New Delhi: A new book, "The Billionaire Raj", paints a revealing portrait of the rise of India's new billionaire class and places it against the backdrop of the "radically unequal society" that is found in the country. It's author, James Crabtree, who spent five years in Mumbai as bureau chief for the Financial Times, says that this uneven growth will have "damaging implications" for the country's development.
He contends that despite India's economy expanding faster than that of China, the rewards of its growth have been far from evenly shared. He notes that the country's top one per cent own nearly 60 per cent of its wealth.
"If India continues to grow more unequal at the same pace over the next decade or two, this will have damaging implications for its development," Crabtree, now an associate professor in practice in Singapore, told IANS in an email interview.
The book, published by HarperCollins India, has garnered advance praise from Amartya Sen, who describes it as "an enlightening and engaging story of wealth and poverty in India"; writer Gurcharan Das finds that the book calls for "the need to reform the institutions of the governance"; and, among others, historian William Dalrymple, has billed it as "a timely, fascinating and eye-opening book".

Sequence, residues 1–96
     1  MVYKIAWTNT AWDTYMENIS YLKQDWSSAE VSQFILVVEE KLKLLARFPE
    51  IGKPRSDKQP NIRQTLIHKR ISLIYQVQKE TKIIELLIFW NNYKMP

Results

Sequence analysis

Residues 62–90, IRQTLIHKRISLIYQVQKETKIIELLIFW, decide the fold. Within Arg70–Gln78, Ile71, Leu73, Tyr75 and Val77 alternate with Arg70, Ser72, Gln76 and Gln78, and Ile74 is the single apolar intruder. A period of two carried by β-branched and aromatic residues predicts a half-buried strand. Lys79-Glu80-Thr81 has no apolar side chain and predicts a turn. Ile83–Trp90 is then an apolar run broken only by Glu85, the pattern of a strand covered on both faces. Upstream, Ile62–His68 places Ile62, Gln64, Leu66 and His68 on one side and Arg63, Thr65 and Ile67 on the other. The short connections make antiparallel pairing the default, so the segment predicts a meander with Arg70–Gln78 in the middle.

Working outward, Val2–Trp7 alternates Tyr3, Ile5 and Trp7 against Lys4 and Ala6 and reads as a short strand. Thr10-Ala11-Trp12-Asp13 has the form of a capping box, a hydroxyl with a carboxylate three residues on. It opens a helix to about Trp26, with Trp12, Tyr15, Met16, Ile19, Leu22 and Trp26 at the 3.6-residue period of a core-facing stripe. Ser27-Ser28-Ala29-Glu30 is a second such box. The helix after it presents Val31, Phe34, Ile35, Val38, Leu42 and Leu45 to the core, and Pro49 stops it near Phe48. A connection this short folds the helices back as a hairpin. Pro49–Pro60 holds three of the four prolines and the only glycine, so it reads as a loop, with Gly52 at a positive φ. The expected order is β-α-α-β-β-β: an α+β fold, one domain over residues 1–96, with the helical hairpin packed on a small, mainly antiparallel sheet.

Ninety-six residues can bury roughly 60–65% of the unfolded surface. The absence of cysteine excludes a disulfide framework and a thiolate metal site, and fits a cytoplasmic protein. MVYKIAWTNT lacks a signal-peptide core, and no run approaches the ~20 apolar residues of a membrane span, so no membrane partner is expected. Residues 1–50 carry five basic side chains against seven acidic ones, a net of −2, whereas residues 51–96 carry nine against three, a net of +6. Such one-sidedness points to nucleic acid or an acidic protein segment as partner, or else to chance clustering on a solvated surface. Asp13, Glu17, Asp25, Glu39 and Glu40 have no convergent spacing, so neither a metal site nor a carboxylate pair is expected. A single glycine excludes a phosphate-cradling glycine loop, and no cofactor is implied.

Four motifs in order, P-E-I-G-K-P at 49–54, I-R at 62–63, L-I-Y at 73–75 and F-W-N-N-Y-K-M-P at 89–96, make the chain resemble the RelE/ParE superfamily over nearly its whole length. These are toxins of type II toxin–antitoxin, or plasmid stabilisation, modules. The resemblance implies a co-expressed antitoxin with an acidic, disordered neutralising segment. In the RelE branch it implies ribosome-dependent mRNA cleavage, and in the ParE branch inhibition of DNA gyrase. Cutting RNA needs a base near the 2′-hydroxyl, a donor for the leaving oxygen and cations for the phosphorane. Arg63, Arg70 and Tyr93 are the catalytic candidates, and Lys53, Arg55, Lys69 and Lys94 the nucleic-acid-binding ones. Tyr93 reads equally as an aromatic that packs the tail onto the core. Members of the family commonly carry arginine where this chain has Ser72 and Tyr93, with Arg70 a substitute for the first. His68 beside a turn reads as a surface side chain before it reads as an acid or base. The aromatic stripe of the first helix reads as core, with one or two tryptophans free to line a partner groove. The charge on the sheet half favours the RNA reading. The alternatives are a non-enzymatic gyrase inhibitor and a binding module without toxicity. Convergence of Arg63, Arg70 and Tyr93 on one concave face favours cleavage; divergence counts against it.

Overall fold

Asked about the reasons behind the uneven sharing of wealth among India's massive population, Crabtree said that it is the aftershock of globalisation.
"The huge change I chart in 'The Billionaire Raj' is an after-shock of India's globalisation. India has created a new economic model which shares the proceeds of its impressive recent growth unevenly, with the majority going right to the very top," he contended.
His book is said to take its "readers on a personal journey to meet reclusive billionaires, fugitive tycoons and shadowy political brokers".
"India needs to act at both the top and the bottom if it is to follow the advances made in East Asia. The tax system needs to be more progressive, and more rich people need to actually pay up.
"Regulators need to focus on creating real markets and competition. And at the bottom, the state needs to focus on providing basic, competent social support in areas like education, health and pensions," he said.
In "The Billionaire Raj" Crabtree also tells the story of India's problem of bad debts. Two particular chapters, "House of Debt" and "The Anxious Tycoons", focus on this aspect by narrating the stories behind the debt-crisis and non performing assets.
He contends that Prime Minister Narendra Modi's record of "cleaning up the banking system is poor".
"India's public sectors banks are in a worse state today than in 2014, and there is no sign of action to fix them," he maintained.
(Saket Suman can be contacted at firstname.lastname@example.org)